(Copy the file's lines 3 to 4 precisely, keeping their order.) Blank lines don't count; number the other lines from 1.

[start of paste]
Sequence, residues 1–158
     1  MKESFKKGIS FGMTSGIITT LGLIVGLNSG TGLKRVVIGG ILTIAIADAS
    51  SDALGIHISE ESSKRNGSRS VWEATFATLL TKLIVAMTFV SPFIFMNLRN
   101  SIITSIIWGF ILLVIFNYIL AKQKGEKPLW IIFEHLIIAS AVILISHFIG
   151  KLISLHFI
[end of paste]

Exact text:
    51  SDALGIHISE ESSKRNGSRS VWEATFATLL TKLIVAMTFV SPFIFMNLRN
   101  SIITSIIWGF ILLVIFNYIL AKQKGEKPLW IIFEHLIIAS AVILISHFIG